# Thrust & Pressure

## Main Question or Discussion Point

Hi there.
I am trying to create a realistic physics simulation for testing thrust based hovering vehicle designs and i am stuck.

I understand basic physics like moment of inertia and forces and the like but thrust is something i am having trouble with.
Currently if i place a vertical thruster at each corner of a rectangular craft, when the thrust force overcomes the weight of the craft it just kind of floats streight up forever.
As it is, the thrust force is just a variable being incremented and added to the rest of the force calculations.
The thrusters are supposed to be propeller style things expelling air at high speed.

The main problem is that i expected the craft to reach an equallibrium for a given amount of thrust rather than just floating on out into space. There is a huge hole in my knowledge of physics here and if you can provide any links to good resources or have any comments of your own, i would be most grateful for any help.

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russ_watters
Mentor
Originally posted by Nemos
Currently if i place a vertical thruster at each corner of a rectangular craft, when the thrust force overcomes the weight of the craft it just kind of floats streight up forever.
As it is, the thrust force is just a variable being incremented and added to the rest of the force calculations.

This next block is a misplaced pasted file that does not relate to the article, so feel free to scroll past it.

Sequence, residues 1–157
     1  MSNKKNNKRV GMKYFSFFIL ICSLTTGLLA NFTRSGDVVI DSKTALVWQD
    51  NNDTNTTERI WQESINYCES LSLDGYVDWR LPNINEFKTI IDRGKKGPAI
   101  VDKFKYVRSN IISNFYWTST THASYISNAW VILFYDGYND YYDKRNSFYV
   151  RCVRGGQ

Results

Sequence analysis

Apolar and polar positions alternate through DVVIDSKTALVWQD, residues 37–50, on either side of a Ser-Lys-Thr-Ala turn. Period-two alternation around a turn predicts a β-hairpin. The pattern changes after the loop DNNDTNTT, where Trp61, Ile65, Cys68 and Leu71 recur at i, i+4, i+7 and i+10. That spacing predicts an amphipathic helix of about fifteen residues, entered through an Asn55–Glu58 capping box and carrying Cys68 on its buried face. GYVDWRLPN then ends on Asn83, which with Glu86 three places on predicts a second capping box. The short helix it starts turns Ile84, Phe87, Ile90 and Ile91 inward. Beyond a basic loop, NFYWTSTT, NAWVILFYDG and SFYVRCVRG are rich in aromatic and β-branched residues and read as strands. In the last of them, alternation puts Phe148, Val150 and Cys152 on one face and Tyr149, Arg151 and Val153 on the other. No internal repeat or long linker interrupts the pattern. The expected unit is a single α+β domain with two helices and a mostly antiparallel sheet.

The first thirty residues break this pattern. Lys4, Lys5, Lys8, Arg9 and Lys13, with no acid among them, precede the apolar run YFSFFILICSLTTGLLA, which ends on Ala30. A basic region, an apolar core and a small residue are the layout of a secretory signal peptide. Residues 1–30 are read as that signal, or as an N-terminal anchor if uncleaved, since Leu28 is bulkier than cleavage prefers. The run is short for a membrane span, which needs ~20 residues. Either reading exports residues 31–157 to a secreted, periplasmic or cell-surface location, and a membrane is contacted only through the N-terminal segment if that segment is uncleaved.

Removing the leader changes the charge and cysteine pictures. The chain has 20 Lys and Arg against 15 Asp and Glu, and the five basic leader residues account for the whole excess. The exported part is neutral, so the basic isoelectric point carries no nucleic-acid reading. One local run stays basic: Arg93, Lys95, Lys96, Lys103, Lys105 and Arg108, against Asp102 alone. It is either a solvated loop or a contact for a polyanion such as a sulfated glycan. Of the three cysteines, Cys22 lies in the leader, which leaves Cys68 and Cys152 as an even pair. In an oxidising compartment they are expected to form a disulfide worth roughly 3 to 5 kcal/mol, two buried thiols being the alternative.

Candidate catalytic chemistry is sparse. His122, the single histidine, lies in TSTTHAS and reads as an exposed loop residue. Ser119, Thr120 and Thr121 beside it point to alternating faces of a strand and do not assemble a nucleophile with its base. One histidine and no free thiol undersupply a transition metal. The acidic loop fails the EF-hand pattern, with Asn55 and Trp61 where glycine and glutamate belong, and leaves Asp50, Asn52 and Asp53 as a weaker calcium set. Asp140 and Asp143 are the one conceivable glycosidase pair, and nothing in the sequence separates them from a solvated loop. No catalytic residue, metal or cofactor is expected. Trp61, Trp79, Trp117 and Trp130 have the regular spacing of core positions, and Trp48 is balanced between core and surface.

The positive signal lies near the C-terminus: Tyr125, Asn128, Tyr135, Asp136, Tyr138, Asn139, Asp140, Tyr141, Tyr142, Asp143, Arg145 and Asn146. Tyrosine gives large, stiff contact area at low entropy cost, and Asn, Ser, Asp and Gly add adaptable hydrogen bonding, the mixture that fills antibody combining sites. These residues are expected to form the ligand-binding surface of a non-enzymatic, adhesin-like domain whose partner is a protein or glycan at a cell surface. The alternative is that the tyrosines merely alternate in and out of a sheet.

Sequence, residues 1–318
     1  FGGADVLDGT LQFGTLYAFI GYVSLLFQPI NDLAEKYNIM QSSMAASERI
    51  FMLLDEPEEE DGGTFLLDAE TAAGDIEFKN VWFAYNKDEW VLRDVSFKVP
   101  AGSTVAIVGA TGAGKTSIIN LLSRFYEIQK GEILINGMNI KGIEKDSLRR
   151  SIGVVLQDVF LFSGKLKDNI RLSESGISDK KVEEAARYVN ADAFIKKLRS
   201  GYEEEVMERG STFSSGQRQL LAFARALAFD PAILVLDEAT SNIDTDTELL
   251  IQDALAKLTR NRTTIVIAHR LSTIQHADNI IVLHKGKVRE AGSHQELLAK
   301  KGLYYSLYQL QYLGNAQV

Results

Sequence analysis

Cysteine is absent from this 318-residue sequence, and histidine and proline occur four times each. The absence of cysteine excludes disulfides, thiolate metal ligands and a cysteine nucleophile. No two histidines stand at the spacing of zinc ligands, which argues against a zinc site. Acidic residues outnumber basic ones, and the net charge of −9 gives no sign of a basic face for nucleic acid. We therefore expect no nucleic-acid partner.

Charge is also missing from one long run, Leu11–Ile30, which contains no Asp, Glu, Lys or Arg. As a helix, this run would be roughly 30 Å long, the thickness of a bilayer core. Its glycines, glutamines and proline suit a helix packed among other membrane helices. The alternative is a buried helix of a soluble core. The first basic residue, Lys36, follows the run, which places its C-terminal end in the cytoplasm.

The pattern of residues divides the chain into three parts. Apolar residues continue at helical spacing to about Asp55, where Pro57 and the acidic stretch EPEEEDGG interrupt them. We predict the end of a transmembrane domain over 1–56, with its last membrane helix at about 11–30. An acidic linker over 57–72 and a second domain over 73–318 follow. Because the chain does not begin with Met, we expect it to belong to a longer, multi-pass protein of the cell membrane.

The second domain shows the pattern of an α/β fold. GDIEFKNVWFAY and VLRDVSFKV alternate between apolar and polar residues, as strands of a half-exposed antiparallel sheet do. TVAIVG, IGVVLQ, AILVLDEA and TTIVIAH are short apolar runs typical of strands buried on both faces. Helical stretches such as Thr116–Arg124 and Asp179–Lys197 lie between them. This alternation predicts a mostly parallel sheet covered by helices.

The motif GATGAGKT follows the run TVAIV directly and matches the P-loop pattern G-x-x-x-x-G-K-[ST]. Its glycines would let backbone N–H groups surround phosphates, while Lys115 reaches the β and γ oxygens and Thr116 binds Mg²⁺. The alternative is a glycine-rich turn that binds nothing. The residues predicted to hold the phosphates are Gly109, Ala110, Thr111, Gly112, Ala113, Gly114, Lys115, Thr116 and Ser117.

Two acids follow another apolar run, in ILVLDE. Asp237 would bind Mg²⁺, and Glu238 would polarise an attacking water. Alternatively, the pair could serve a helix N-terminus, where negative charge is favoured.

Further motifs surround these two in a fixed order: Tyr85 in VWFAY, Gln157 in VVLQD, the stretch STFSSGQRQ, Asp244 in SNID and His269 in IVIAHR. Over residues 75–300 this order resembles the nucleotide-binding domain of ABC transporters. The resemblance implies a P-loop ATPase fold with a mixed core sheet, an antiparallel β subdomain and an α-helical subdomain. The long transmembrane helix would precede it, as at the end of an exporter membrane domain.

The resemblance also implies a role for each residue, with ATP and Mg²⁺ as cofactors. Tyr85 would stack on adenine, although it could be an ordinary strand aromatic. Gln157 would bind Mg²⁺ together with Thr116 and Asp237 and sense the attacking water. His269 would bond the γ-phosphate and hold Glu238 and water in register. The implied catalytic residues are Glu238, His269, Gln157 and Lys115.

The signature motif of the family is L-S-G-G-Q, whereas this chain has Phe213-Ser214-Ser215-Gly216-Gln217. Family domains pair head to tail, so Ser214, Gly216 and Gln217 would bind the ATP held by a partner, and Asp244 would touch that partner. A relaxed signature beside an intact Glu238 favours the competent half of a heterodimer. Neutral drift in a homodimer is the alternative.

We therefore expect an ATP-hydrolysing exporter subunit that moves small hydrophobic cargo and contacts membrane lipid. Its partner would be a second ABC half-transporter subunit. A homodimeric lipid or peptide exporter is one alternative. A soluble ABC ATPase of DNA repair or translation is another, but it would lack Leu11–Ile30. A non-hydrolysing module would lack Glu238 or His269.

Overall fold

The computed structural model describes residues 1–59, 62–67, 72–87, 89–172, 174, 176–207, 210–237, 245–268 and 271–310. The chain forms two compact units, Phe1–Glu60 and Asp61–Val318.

The thrusters are supposed to be propeller style things expelling air at high speed.

The main problem is that i expected the craft to reach an equallibrium for a given amount of thrust rather than just floating on out into space.
There is an equilibrium altitude, the problem is that the atmosphere is (depening on your definition) about 450,000 feet high, so the pressure/density gradient isn't very steep on the scale of a tabletop experiment. It may well be that a 1.01 thrust:weight ratio at sea level will take your craft to 1,000 feet before it drops to 1.00. The loss of thrust with altitude, however, is different for every engine.

enigma
Staff Emeritus
Gold Member
You will need to model an altitude control system.

If you don't mind oscillation about the desired point, something as simple as:

Thrust = (desired-actual)/desired * Full_Thrust

may do the trick.

Hi there.
Thanks for you input chaps.

I will try some of this out tonight now that i have some idea of what should be going on.

Thanks again.:0)

Cliff_J